In terms of financial behaviour, the ostrich effect is the avoidance of apparently risky financial situations by pretending they do not exist. Of course, for the naturalists amongst you (and contrary to popular belief), ostriches do not bury their heads in sand. This myth more than likely began with Pliny the Elder (AD 23-79), who wrote that ostriches “imagine, when they have thrust their head and neck into a bush, that the whole of their body is concealed.”
October 2nd – 9th was Customer Service Week and the FRSB rightly took the opportunity to do some PR work of their own to highlight the crucial role played by Supporter Services staff in many charities.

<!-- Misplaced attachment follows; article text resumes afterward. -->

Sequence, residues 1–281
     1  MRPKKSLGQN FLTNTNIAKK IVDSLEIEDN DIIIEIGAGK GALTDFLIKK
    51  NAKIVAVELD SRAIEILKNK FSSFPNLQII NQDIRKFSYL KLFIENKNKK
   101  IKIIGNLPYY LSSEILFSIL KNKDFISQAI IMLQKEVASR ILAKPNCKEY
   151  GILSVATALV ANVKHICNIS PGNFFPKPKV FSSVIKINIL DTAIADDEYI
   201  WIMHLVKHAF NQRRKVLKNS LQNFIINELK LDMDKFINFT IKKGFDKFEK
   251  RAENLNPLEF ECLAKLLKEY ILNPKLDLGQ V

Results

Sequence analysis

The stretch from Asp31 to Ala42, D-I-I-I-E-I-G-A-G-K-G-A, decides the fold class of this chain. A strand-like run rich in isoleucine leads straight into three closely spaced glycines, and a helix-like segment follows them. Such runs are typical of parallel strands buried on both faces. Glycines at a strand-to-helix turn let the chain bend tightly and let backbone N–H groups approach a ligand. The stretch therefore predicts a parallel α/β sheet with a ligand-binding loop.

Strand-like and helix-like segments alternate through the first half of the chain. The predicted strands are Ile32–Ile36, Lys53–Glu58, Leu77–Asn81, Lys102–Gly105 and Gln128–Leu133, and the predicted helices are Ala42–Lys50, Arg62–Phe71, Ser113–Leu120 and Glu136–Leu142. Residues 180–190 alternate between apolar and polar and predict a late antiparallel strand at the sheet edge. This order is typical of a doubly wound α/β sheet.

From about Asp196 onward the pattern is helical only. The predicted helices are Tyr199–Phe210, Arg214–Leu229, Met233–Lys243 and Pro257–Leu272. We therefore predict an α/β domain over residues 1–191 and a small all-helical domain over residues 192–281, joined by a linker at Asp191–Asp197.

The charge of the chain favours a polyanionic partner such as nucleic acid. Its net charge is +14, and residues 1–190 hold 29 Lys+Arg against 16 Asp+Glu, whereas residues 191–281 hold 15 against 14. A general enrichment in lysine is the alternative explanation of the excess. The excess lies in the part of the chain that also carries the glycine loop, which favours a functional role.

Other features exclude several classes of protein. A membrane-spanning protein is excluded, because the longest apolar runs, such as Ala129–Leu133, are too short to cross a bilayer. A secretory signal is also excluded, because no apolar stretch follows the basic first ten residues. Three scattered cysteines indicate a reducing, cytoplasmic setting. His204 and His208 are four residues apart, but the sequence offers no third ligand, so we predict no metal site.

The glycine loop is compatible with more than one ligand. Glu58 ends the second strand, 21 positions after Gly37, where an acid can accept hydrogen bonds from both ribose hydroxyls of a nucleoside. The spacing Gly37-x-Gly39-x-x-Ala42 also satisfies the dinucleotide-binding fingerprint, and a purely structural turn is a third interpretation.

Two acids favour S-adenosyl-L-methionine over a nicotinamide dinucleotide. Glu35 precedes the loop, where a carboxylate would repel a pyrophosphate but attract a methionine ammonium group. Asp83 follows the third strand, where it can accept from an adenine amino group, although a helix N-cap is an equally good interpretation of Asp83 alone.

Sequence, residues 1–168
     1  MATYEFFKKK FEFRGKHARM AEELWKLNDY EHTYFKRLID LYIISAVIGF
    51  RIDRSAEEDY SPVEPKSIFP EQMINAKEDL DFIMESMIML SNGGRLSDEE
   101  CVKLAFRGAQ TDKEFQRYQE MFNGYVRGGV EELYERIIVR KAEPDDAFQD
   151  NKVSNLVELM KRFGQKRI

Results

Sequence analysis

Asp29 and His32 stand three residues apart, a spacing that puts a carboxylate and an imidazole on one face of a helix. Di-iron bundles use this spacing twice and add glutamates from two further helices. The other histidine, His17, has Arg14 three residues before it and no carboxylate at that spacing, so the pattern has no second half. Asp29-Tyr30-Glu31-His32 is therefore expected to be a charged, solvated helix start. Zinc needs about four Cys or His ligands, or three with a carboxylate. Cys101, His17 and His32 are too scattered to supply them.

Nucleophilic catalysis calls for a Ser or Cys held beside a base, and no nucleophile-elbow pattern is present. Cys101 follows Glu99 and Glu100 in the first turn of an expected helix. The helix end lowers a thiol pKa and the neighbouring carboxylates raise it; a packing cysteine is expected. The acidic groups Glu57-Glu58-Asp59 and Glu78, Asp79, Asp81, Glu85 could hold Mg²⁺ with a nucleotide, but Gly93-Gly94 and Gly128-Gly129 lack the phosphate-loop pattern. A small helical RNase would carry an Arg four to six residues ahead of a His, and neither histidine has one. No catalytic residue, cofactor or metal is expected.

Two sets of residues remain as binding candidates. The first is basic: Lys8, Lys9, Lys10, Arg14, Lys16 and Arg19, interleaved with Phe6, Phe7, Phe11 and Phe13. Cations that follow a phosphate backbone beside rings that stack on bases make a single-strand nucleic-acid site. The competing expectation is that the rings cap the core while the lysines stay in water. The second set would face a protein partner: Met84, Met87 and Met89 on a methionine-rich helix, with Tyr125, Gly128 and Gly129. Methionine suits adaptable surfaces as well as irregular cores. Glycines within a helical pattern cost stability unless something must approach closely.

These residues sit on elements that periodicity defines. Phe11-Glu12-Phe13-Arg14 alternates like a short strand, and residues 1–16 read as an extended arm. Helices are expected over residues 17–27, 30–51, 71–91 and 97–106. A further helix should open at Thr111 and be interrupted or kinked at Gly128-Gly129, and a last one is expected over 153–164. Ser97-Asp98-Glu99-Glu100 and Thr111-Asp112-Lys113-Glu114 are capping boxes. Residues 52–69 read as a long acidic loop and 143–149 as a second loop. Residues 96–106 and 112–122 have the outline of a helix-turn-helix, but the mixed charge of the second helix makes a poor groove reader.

I’m sure stewardship, relationship building, supporter journeys, donor retention are all phrases that you hear as much as I do – in fact, they are used so often now that they are in danger of becoming meaningless.
Yet the truth of the matter seems to be that we are still not doing as much as we can to provide the imagination and service to our supporters that means they will stay with us longer, feel part of the charity’s work, and believe they are making a difference.
The Tiny Essentials of Donor Loyalty by Adrian Sargeant (http://www.whitelionpress.com/) is not a new book. However, it still contains a number of conclusions and suggestions that are probably even more relevant now, as the global economy continues to groan and struggle, then when they were first written.